Kreator’s debut album Endless Pain was a thrash beast, an energetic, if sloppy, blast of metal. While not a major leap musically or lyrically, Pleasure To Kill is a tighter and more precise album that put Kreator on the map. The solos are ripping, the vocals, sung by both Petrozza and Reil, are aggressive, and the riffs are instantly memorable. Pleasure To Kill is the first great Kreator album, a trait that would become a continuing trend throughout the 1980s.

 

Rise Against: new album ‘Endgame’ Review

Are you a Rise Against fan? Then you have got to read this album review!!!! This American punk rock band from Illinois has come up with its new album ‘Endgame’. The band is known for its hardcore beats and mesmerising rhythm. So, here’s the review of this new album.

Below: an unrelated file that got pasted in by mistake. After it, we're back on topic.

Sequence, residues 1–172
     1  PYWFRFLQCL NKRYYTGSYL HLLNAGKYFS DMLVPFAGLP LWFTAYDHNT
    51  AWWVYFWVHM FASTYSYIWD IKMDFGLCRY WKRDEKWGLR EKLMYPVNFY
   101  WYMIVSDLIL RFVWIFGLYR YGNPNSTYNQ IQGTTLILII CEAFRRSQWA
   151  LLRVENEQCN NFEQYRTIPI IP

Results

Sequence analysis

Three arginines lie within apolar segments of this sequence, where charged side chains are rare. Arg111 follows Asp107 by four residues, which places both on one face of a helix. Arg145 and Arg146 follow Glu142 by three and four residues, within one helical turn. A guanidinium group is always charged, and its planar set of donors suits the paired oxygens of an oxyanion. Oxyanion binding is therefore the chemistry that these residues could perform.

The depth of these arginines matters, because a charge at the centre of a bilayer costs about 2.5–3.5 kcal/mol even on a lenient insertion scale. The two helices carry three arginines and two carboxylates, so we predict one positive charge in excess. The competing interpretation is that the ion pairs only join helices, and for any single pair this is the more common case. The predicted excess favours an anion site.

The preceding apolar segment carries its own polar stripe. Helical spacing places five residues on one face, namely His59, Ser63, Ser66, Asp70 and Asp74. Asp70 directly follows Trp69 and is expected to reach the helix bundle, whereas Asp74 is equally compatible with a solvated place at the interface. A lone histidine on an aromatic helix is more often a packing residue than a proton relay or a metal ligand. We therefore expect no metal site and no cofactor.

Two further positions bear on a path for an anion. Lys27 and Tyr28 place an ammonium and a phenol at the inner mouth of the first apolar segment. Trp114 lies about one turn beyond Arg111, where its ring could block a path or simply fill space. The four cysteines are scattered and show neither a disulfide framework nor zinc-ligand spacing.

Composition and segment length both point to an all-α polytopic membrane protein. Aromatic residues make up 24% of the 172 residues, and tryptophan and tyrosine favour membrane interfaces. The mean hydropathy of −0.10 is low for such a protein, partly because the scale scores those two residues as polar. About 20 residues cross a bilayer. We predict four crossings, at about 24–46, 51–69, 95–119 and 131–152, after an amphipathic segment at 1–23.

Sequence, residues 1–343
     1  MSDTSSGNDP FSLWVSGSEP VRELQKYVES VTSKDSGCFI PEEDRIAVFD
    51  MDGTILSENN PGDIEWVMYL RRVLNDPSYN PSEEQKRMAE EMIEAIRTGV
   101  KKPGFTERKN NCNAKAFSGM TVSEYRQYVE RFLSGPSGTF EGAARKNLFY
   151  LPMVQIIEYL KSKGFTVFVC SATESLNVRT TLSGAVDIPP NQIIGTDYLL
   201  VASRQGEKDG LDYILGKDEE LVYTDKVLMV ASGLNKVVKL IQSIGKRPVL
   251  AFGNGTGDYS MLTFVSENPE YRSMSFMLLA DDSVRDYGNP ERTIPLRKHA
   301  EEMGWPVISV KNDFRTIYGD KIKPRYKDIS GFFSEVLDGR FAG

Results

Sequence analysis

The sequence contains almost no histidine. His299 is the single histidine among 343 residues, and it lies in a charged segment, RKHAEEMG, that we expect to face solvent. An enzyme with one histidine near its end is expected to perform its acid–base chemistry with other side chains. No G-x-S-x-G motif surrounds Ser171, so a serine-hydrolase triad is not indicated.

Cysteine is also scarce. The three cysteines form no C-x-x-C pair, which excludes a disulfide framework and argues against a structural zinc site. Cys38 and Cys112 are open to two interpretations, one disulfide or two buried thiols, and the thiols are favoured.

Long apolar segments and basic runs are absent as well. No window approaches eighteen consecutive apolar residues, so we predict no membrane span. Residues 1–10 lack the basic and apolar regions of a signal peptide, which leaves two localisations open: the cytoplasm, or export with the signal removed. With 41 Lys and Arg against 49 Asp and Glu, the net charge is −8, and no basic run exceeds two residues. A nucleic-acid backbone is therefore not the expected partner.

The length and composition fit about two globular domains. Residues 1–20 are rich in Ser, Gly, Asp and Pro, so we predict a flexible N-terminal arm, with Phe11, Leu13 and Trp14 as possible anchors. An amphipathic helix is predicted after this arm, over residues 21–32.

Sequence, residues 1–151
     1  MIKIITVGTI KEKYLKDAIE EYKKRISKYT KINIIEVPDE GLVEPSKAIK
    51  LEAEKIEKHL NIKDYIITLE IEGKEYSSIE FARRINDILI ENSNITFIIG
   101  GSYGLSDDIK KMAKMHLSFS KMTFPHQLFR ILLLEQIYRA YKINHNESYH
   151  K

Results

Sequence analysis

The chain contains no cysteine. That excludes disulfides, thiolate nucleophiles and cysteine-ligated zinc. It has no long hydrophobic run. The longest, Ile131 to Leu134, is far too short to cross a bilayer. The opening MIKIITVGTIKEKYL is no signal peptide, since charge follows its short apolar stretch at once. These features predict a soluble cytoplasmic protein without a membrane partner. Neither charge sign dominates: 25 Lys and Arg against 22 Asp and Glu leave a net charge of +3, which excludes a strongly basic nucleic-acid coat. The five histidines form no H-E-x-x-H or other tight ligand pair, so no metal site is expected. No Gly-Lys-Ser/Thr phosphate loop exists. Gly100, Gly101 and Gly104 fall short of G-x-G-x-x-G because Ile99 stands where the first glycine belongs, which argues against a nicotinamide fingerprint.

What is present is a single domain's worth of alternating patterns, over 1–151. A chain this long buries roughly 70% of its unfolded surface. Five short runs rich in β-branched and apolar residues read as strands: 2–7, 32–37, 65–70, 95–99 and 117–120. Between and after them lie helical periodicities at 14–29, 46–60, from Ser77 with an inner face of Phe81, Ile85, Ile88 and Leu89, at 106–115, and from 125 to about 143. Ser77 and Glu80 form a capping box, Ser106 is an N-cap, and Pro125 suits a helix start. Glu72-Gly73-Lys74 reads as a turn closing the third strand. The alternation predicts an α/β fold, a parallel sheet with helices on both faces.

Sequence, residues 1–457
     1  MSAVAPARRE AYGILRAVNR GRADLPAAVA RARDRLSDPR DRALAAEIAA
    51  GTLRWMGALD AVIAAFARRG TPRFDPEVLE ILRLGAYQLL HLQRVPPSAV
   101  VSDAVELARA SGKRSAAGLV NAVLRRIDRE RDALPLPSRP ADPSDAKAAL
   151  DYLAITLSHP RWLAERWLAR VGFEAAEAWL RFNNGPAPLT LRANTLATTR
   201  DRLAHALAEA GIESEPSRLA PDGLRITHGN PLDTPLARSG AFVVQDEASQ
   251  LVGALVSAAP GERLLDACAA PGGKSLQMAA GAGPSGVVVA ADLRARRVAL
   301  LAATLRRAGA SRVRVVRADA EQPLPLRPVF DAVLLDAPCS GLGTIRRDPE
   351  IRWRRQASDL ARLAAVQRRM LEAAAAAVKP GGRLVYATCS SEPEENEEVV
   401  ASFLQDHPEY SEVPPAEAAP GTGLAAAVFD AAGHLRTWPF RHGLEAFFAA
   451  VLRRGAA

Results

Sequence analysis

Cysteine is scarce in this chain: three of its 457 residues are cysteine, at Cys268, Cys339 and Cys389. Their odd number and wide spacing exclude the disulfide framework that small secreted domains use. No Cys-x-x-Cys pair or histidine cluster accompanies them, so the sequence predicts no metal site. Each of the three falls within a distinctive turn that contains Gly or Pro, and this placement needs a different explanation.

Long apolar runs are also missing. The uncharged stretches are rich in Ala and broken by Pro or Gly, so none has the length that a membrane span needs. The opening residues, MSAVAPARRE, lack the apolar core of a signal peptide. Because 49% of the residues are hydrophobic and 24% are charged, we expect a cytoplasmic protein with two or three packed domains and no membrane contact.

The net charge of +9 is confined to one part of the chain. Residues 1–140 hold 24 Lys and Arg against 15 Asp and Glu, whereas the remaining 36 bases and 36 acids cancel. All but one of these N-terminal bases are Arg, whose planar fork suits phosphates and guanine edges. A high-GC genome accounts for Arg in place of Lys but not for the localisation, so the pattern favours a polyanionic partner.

Chicago’s politically charged punk band, Rise Against returns with another fiery set of melodic hardcore rock sure to leave your ears ringing and mind churning long after it ends. From the time the spark of drums and guitars of “Architects” take off as if a rapidly draining fuse running toward the explosion, the album never lets up. Front man, Tim McIlrath’s raw vocals all but demand you take notice of the world’s problems and do something about them, opening the album with the fantastic hook, “Do you care to be the layer of the bricks that seal your fate / Or would you rather be the architect of what we might create?”